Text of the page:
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When 25 envoys from Germany, France, Canada, Afghanistan, the Czech Republic, Poland, Hungary and other countries arrived in Srinagar on February 12 for a two-day visit, there were no protests even though the Valley had observed a total shutdown the day before to commemorate the death anniversary of Maqbool Bhat, founder of the National Liberation Front (precursor to the Jammu Kashmir Liberation Front). Bhat was hanged and buried in Delhi’s Tihar jail on February 11, 1984, and an empty grave awaits his remains at Srinagar’s Martyrs Graveyard.
The envoys met three delegations in Srinagar’s Grand Palace hotel, which is next to the Hari Niwas Palace—now a sub-jail that lodges former CM Omar Abdullah, who along with former CM Mehbooba Mufti, have been detained under the preventive detention law, the Public Safety Act, after the end of their six-month house arrest under Section 107 of the Criminal Procedure Code.
Among the envoys, Tahir Qadiry from Afghanistan was in focus for his tweets about shikara rides, open shops and Kashmiri hospitality. “SM (social media) is banned in Kashmir; just curious to know which VPN (virtual private network) you are currently using?” reads a reply to the Afghan envoy’s tweets. As the government restored 2G internet service after nearly six months, allowing access only to a few sites—no social media— Kashmiris have resorted to VPN for accessing Facebook and Twitter.
“In our interaction with the Kashmiri media outlets, the media people seriously urged the government to restore internet broadband as it is causing them so much problems to report and broadcast,” the Afghan envoy tweeted.
According to the delegates they met, some of the foreign envoys were curious to know about the evolving situation since the abrogation of Article 370. When some delegates asked the Canadian ambassador about plans to invest in Kashmir, he said, “Our government has made huge investments in different parts of India. But I will not suggest anyone from Canada to invest in Kashmir due to the situation being unfavourable here.”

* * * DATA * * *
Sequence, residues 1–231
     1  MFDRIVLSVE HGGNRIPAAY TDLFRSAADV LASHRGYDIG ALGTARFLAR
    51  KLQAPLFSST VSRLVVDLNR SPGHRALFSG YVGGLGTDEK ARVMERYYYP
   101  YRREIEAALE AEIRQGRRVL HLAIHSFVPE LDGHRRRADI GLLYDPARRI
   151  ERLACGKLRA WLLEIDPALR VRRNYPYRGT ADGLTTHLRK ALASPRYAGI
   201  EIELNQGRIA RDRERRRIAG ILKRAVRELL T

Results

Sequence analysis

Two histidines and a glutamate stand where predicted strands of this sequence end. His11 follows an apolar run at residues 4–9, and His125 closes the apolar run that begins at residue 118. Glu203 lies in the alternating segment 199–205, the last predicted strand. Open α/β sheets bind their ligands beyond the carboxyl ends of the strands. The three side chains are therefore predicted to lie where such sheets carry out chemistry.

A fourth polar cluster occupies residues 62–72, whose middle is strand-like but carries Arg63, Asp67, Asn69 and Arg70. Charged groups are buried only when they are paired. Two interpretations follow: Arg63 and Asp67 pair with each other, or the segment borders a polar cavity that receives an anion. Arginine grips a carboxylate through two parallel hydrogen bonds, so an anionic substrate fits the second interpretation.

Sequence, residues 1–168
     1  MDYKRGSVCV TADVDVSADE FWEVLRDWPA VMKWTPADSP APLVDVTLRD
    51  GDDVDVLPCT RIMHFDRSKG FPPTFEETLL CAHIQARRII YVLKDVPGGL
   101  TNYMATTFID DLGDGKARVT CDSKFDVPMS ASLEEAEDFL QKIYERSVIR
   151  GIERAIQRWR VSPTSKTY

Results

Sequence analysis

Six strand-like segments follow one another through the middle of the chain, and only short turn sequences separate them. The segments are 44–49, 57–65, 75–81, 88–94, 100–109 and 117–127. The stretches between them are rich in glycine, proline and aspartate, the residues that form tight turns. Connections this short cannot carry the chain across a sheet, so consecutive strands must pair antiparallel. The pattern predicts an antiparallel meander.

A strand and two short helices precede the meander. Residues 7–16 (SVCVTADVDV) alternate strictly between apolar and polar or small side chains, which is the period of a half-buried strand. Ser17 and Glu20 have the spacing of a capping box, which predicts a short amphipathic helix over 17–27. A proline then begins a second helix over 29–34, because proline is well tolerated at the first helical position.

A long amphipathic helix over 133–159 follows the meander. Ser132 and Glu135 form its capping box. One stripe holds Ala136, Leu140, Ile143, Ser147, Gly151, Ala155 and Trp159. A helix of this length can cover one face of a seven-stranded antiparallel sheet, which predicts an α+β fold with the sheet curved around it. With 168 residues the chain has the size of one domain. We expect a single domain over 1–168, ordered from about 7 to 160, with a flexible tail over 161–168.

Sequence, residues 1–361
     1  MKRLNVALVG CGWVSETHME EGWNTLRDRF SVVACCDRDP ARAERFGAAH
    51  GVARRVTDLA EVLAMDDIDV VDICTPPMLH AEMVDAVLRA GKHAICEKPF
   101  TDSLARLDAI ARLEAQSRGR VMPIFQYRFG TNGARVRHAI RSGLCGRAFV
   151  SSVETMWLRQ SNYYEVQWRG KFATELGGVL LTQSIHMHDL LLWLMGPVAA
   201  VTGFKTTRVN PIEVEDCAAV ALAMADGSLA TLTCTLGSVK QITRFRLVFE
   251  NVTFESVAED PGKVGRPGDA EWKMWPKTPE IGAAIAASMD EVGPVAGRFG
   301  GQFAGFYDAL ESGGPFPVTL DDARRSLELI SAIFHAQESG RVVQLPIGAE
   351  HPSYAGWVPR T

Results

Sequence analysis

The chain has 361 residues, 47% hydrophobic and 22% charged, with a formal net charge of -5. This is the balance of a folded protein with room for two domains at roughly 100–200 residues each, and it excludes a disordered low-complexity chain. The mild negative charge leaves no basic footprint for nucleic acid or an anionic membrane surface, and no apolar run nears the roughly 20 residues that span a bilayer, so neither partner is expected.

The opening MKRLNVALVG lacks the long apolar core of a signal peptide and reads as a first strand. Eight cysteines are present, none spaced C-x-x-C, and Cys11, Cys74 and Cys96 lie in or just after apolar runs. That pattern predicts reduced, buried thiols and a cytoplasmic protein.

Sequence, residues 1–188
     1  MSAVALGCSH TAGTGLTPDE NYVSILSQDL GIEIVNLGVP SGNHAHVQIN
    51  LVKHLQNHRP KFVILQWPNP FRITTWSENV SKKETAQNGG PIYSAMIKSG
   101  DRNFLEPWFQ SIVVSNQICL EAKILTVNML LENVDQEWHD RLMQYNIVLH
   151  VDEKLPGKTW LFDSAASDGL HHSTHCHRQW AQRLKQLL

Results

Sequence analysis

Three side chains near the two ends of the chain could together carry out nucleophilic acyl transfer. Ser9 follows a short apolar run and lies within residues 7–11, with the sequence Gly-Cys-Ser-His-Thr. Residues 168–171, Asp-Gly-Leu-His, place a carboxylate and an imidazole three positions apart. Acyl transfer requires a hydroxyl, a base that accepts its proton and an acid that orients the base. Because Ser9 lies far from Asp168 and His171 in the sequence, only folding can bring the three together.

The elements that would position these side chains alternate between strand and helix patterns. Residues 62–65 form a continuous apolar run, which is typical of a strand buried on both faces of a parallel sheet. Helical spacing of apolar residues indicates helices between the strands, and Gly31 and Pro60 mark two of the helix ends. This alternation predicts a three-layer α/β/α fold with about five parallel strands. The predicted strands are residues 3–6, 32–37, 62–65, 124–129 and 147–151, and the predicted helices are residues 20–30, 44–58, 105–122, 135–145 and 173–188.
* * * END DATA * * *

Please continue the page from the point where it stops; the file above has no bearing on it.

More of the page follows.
The Austrian ambassador told a delegation that any company from her country would be hesitant to invest in Kashmir in the present situation. The ambassador from Uganda said his country would love to invest in Kashmir, but a “secure environment is needed” for that. The Czech envoy said India should encourage business houses from India to invest in the Valley before inviting foreign investors.
A selected media delegation faced a big embarrassment when the German ambassador said journalists are often critical of the government policies all over the world, but he didn’t find anyone critical here. A local reporter retorted that they have suffered a lot due to the internet ban, and that journalists are being summoned and detained in police stations and their phones are being checked.
“We told the envoys that Article 370 was very dear to us and was abrogated unceremoniously. New Delhi should bring a new law to protect our land and jobs,” says former legislator and Congress leader Shoaib Lone. An ambassador asked whether there has been any action against journalists in Kashmir for not revealing their sources. He told the media delegation that a few journalists were summoned by the police recently.
Before leaving for Jammu, the envoys visited the army’s 15 Corps headquarters for breakfast. They were briefed by army officers led by Lt Gen K.J.S. Dhillon, General Officer Commanding, 15 Corps. During the one-hour meeting, the envoys were told that militancy went down after the abrogation of Article 370 on August 5, 2019. They were also informed about the government’s efforts to engage local youth in vocational training. The Mexican ambassador said Kashmir is a beautiful place and “we are here as tourists”.